I am told it is the Saudi way, but it is not the way I am used to. First, the Minister of Information, Abdul Aziz Mohiddin Khojah answers his own phone. He also makes his own appointments, inviting me to meet him at his office in Riyadh today.
I arrive on time but before I can start the interview, Dr. Khojah wants to help me. He puts down his iPhone, picks up his desk phone and begins speed dialing officials, arranging other interviews for me with officials from other ministries. I understand that he knows the importance of getting the government’s message out, but it’s still unusual to have a minister personally make the calls.
After demurring a few times, he finally agrees to answer a few questions on tape. After assuring me Saudi Arabia is stable despite the problems in the region and the calls to protest within his country, the minister insists I can see for myself and talk to anyone I want.
That ignores the fact that the government blocks access to certain internet sites run by those calling for reform.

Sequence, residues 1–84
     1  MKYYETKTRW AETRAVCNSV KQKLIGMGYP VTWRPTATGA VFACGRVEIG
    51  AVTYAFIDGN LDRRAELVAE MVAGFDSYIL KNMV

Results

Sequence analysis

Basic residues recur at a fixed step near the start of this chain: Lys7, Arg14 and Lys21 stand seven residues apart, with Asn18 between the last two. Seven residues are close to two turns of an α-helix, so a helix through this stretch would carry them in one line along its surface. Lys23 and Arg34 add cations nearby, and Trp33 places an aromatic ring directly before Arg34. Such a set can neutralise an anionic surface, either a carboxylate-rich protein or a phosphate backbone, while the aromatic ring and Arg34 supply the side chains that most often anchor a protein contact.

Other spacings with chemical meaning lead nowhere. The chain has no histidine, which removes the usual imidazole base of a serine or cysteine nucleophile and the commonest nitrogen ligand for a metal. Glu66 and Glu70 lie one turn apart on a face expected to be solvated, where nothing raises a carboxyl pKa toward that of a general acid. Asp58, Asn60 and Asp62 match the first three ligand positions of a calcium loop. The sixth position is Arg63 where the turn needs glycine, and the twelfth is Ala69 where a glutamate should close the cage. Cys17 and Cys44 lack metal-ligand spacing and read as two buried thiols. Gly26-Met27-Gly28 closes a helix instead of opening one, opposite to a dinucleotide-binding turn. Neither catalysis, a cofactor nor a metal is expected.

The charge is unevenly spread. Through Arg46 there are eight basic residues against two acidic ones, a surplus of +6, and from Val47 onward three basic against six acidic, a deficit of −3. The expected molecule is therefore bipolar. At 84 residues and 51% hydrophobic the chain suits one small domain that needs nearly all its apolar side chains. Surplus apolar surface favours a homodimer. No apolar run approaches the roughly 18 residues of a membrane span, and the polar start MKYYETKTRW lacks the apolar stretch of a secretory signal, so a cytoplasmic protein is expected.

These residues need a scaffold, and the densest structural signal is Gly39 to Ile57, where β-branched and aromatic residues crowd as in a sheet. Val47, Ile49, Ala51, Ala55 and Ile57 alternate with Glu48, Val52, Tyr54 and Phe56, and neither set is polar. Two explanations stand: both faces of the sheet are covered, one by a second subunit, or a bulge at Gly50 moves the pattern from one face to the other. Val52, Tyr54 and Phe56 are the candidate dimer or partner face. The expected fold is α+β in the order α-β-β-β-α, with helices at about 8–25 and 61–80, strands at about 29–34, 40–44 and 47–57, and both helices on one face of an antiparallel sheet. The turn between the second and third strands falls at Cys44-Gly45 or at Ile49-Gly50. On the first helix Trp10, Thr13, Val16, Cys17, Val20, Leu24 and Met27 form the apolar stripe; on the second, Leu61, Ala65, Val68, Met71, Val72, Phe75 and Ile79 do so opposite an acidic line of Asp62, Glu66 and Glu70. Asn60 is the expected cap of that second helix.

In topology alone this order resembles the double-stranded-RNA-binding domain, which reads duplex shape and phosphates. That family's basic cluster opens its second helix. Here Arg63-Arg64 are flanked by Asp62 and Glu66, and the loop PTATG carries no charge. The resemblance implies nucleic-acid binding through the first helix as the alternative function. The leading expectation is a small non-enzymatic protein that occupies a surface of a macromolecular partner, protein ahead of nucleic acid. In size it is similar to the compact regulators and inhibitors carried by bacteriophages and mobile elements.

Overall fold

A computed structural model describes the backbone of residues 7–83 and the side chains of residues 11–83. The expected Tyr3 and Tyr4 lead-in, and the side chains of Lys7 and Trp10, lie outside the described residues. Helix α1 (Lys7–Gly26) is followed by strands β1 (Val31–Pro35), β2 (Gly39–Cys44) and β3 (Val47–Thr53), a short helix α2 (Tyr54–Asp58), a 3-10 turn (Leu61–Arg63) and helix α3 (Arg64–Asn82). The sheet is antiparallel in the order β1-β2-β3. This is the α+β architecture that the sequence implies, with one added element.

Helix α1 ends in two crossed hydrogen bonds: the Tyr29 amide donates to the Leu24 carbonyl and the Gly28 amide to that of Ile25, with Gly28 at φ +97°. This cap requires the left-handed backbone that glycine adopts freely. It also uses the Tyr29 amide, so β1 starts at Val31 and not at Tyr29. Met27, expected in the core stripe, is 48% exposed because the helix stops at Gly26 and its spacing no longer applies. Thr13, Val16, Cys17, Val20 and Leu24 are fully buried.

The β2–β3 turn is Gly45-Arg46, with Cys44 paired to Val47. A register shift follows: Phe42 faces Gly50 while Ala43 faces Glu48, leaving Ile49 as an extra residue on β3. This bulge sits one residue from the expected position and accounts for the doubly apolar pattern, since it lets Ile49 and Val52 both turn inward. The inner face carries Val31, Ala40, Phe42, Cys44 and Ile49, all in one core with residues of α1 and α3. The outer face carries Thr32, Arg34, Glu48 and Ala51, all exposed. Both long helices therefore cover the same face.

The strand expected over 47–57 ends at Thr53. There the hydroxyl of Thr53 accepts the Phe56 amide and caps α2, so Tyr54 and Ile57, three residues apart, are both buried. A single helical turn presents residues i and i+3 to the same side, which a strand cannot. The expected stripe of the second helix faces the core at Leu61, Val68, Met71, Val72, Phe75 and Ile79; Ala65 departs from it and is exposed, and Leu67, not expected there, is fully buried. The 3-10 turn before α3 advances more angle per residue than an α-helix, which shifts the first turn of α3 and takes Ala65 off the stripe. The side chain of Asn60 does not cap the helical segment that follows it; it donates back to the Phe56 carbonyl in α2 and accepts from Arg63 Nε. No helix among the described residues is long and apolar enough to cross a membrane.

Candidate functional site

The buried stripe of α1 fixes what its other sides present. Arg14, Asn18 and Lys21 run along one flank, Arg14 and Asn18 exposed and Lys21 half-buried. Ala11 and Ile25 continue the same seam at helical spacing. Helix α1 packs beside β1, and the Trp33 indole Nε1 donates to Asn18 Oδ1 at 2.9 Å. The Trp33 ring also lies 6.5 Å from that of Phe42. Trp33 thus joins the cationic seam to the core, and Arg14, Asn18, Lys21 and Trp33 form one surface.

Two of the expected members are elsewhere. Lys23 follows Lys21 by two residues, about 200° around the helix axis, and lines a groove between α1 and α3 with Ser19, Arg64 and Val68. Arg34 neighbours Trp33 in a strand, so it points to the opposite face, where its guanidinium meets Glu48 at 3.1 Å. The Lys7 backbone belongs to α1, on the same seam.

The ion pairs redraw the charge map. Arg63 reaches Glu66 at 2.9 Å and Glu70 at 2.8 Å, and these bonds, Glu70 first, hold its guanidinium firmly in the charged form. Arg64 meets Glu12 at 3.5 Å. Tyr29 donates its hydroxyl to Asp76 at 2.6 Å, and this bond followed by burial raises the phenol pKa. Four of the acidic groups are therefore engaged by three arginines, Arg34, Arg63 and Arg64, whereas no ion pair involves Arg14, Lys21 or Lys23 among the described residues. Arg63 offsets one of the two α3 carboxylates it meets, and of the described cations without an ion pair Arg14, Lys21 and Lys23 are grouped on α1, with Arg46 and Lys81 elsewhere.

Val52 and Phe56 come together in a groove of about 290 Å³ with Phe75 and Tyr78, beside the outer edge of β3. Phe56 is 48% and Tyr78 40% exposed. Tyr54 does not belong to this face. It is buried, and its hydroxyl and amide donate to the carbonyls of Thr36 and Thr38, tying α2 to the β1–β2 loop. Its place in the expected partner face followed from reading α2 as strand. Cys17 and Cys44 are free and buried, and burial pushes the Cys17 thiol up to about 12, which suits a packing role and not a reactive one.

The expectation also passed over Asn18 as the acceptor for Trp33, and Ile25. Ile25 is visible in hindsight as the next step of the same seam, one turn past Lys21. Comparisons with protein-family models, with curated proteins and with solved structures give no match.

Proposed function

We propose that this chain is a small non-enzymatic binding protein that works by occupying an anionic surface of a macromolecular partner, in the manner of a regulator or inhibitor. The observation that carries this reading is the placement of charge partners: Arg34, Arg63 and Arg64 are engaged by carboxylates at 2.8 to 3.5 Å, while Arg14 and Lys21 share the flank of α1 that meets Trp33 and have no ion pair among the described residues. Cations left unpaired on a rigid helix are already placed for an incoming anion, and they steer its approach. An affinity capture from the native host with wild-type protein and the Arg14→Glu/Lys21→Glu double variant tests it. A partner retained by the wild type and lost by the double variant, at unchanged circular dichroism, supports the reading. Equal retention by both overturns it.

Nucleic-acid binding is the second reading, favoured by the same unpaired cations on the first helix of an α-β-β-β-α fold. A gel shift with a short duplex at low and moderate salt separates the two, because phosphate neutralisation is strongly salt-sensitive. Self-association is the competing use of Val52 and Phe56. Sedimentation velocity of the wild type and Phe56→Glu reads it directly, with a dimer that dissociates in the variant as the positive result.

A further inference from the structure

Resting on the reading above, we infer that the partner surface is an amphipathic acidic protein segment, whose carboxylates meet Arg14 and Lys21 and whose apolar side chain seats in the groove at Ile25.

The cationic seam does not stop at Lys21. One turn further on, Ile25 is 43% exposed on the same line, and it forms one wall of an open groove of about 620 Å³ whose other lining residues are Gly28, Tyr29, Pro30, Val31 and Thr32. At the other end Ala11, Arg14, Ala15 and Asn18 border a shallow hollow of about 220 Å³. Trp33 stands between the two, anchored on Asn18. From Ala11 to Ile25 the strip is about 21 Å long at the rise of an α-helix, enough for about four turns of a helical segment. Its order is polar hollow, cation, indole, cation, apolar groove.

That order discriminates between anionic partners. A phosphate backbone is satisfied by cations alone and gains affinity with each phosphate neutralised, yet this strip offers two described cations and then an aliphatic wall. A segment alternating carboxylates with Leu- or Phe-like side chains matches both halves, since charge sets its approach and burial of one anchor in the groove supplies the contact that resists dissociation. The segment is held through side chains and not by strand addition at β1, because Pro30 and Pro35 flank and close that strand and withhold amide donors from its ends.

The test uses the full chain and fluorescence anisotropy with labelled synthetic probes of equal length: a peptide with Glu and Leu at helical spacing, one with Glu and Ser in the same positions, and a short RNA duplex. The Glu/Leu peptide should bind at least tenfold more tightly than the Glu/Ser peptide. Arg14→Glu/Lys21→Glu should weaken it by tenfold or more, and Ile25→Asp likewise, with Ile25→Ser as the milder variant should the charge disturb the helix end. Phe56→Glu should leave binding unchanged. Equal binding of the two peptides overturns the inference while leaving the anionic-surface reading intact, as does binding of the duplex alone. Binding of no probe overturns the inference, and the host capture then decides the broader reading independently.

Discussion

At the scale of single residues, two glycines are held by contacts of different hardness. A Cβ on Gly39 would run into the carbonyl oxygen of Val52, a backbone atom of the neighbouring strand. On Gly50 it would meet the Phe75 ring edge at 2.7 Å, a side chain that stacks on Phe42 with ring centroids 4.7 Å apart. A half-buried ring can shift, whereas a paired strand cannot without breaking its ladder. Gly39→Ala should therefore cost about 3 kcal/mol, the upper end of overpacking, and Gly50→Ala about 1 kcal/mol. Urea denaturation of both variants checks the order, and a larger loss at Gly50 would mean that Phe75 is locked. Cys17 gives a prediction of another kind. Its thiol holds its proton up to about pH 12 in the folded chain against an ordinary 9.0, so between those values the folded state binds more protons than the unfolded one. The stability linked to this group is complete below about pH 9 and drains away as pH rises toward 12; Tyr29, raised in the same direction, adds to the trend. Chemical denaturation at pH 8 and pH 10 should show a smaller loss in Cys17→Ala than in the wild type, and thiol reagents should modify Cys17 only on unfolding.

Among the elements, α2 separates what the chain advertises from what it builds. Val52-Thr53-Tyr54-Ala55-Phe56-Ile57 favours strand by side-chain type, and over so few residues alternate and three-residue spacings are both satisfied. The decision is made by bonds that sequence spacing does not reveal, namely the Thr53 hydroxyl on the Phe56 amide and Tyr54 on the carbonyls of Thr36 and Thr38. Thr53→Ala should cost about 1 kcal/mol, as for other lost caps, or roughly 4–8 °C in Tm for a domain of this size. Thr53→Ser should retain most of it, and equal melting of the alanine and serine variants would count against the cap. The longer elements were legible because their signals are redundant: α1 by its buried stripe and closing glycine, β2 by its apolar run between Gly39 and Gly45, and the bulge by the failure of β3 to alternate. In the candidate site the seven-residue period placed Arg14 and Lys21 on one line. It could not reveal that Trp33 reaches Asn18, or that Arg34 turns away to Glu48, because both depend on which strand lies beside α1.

It is true, however, that I have not so far been prevented from speaking to anyone, except in one respect.
I do not speak Arabic. I wish I did, because there is no one who can act as a local producer, or “fixer” as journalists call them. I have spoken to other journalists who are far more experienced in reporting from Saudi Arabia and I am told there is not anyone who can fulfill the function of being both interpreter and journalist.
That means, for example, that when I went to the Ministry of Labor offices earlier this week, I had to hope that the unemployed men who were looking for work there spoke English. None of them did and I came away with nothing. It is not easy to get the views of ordinary Saudis, those who aren’t educated and comfortable. I will not stop trying as I attempt to report from a country that plays such a critical role in the region.